Hadwin's 59 last year was somewhat overshadowed, both by the fact that he didn't win the event and that it came just one week after Justin Thomas shot a 59 en route to victory at the Sony Open. But he's still among an exclusive club of just eight players to have broken 60 in competition on Tour and he's eager to get another crack at La Quinta on Saturday.

"If I'm in the same position on 18, I'm gunning for 58 this year," Hadwin said, "not playing safe for 59."

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Rahm: If I thought like Phil, I could not hit a shot

By Will GrayJanuary 17, 2018, 10:39 pm

When it comes to Jon Rahm and Phil Mickelson, there are plenty of common bonds. Both starred at Arizona State, both are now repped by the same agency and Rahm's former college coach and agent, Tim Mickelson, now serves full-time as his brother's caddie.

Those commonalities mean the two men have played plenty of practice rounds together, but the roads quickly diverge when it comes to on-course behavior. Rahm is quick, fiery and decisive; Mickelson is one of the most analytical players on Tour. And as Rahm told reporters Wednesday at the CareerBuilder Challenge, those differences won't end anytime soon.

"I don't need much. 'OK, it's like 120 (yards), this shot, right," Rahm said. "And then you have Phil, it's like, 'Oh, this shot, the moisture, this going on, this is like one mile an hour wind sideways, it's going to affect it one yard. This green is soft, this trajectory. They're thinking, and I'm like, 'I'm lost.' I'm like, 'God if I do that thought process, I could not hit a golf shot.'"

CareerBuilder Challenge: Articles, photos and videos

The tactics may be more simplified, but Rahm can't argue with the results. While Mickelson is in the midst of a winless drought that is approaching five years, Rahm won three times around the world last year and will defend a PGA Tour title for the first time next week at Torrey Pines.

Both men are in the field this week in Palm Springs, where Mickelson will make his 2018 debut with what Rahm fully expects to be another dose of high-level analytics for the five-time major winner with his brother on the bag.

"It's funny, he gets to the green and then it's the same thing. He's very detail-oriented," Rahm said of Mickelson. "I'm there listening and I'm like, 'Man, I hope we're never paired together for anything because I can't think like this. I would not be able to play golf like that. But for me to listen to all that is really fun."

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DJ changes tune on golf ball distance debate

By Will GrayJanuary 17, 2018, 9:16 pm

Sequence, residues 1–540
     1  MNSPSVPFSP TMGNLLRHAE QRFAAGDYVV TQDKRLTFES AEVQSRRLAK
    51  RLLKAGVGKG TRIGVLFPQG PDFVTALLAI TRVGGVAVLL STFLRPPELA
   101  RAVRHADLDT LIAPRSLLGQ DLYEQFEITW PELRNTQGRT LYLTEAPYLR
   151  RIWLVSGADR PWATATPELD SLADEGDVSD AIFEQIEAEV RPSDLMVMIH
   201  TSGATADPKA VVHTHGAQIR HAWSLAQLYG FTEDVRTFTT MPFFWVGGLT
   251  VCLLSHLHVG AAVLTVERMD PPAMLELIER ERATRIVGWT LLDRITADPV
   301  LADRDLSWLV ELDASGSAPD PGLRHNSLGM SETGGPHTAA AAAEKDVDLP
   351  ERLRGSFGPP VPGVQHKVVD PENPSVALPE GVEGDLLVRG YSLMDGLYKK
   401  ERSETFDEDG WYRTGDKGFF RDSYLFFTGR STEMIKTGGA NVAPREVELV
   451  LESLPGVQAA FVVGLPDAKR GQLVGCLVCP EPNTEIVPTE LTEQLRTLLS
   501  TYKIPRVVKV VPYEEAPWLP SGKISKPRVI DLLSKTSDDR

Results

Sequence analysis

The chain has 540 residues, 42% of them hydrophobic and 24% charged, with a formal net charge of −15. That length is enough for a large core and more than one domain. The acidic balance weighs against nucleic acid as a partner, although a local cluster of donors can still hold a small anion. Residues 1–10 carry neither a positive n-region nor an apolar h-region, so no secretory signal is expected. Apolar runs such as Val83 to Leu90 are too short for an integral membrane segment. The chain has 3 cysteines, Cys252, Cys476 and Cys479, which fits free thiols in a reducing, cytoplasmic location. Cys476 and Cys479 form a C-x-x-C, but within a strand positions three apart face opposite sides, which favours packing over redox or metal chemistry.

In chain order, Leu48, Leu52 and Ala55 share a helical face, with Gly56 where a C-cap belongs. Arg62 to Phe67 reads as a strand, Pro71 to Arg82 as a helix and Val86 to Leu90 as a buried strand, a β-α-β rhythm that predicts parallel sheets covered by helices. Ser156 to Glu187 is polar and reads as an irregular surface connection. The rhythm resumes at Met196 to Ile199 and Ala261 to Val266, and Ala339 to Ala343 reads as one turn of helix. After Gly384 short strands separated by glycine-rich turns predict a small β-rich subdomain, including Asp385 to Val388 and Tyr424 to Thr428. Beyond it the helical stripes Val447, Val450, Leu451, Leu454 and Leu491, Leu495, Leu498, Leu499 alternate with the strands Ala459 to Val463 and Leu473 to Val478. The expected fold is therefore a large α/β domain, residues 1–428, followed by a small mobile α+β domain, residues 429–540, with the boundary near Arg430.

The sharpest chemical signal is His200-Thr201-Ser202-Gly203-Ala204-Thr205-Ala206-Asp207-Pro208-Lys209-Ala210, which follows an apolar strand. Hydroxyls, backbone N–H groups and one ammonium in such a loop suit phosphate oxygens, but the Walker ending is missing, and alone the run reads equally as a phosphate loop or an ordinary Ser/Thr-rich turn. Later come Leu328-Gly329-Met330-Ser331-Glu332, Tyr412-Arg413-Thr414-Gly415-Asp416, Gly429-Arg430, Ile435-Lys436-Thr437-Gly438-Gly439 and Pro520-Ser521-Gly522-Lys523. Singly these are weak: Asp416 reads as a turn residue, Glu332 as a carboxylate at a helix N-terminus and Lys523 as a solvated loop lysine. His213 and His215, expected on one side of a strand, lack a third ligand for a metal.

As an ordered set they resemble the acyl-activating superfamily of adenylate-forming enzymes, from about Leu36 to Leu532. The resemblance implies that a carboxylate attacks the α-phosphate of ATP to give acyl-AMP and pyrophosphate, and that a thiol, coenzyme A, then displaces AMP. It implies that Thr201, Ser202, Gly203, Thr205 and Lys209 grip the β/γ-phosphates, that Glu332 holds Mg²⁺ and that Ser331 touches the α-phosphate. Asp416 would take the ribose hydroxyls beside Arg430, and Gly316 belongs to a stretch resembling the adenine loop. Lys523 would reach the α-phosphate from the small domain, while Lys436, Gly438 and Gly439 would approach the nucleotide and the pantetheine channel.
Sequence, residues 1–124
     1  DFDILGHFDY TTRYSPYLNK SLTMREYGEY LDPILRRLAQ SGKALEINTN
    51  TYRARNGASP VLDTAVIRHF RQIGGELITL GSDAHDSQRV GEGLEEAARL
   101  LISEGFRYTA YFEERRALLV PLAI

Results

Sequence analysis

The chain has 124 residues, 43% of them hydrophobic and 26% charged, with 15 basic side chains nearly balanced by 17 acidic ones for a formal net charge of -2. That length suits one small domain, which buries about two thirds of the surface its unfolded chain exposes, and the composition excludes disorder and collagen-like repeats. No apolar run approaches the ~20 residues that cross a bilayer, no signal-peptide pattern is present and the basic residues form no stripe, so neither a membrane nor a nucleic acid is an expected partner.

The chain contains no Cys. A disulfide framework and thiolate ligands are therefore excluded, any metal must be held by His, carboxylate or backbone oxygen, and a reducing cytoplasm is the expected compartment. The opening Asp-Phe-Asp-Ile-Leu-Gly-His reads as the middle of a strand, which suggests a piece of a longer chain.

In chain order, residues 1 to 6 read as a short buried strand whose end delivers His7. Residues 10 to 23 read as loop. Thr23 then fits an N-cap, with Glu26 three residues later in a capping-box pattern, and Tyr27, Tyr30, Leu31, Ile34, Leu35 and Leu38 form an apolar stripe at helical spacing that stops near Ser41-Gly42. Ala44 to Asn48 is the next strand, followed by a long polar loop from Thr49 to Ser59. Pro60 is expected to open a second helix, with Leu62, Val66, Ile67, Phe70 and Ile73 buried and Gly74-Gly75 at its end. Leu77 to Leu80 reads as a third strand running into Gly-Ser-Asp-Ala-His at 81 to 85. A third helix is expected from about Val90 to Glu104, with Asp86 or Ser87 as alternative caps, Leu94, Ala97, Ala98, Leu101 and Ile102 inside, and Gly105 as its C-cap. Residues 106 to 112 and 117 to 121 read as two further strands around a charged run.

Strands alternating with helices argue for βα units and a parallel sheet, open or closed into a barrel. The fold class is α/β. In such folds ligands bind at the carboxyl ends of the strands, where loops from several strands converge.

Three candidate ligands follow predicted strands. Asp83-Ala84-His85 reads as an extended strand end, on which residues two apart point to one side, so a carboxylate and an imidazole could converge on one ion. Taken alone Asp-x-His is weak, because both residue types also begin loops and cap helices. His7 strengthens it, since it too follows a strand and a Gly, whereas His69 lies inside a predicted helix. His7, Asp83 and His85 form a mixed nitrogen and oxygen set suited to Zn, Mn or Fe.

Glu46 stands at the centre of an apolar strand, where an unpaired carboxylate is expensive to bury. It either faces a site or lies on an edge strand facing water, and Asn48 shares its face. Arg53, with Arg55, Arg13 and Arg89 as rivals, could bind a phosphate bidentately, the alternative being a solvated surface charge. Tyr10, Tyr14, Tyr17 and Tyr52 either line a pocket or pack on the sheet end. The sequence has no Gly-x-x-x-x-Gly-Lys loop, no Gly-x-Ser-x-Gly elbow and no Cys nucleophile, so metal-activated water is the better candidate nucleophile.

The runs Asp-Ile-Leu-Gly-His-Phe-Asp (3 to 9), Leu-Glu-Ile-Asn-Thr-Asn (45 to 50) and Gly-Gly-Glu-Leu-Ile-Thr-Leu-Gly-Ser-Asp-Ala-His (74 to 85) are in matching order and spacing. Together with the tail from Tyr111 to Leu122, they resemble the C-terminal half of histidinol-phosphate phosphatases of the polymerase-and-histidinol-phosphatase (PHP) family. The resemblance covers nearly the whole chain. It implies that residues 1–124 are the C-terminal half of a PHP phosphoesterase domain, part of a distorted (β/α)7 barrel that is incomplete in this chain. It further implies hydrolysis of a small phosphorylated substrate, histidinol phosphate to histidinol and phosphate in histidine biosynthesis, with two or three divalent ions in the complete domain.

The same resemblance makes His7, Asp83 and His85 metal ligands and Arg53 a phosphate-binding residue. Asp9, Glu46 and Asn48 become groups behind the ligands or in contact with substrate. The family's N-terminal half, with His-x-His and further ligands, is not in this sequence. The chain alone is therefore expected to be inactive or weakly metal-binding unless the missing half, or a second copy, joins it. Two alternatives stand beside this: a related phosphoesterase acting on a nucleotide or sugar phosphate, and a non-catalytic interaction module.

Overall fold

World No. 1 Dustin Johnson is already one of the longest hitters in golf, so he's not looking for any changes to be made to golf ball technology - despite comments from him that hinted at just such a notion two months ago.

Johnson is in the Middle East this week for the Abu Dhabi HSBC Championship, and he told BBC Sport Wednesday that he wouldn't be in favor of making changes to the golf ball in order to remedy some of the eye-popping distances players are hitting the ball with ever-increasing frequency.

"It's not like we are dominating golf courses," Johnson said. "When was the last time you saw someone make the game too easy? I don't really understand what all the debate is about because it doesn't matter how far it goes; it is about getting it in the hole."

Johnson's rhetorical question might be answered simply by looking back at his performance at the Sentry Tournament of Champions earlier this month, an eight-shot romp that featured a tee shot on the 433-yard 12th hole that bounded down a slope to within inches of the hole.

Johnson appeared much more willing to consider a reduced-distance ball option at the Hero World Challenge in November, when he sat next to tournament host Tiger Woods and supported Woods' notion that the ball should be addressed.

"I don't mind seeing every other professional sport, they play with one ball. All the pros play with the same ball," Johnson said. "In baseball, the guys that are bigger and stronger, they can hit a baseball a lot further than the smaller guys. ... I think there should be some kind of an advantage for guys who work on hitting it far and getting that speed that's needed, so having a ball, like the same ball that everyone plays, there's going to be, you're going to have more of an advantage."

Speaking Wednesday in Abu Dhabi, Johnson stood by the notion that regardless of whether the rules change or stay the same, he plans to have a leg up on the competition.

"If the ball is limited then it is going to limit everyone," he said. "I'm still going to hit it that much further than I guess the average Tour player."

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LPGA lists April date for new LA event

By Golf Channel DigitalJanuary 17, 2018, 8:18 pm

The LPGA’s return to Los Angeles will come with the new Hugel-JTBC Open being played at Wilshire Country Club April 19-22, the tour announced Wednesday.

When the LPGA originally released its schedule, it listed the Los Angeles event with the site to be announced at a later date.

The Hugel-JTBC Open will feature a 144-player field and a $1.5 million purse. It expands the tour’s West Coast swing, which will now be made up of four events in California in March and April.

The LPGA last played in Los Angeles in 2005. Wilshire Country Club hosted The Office Depot in 2001, with Annika Sorenstam winning there.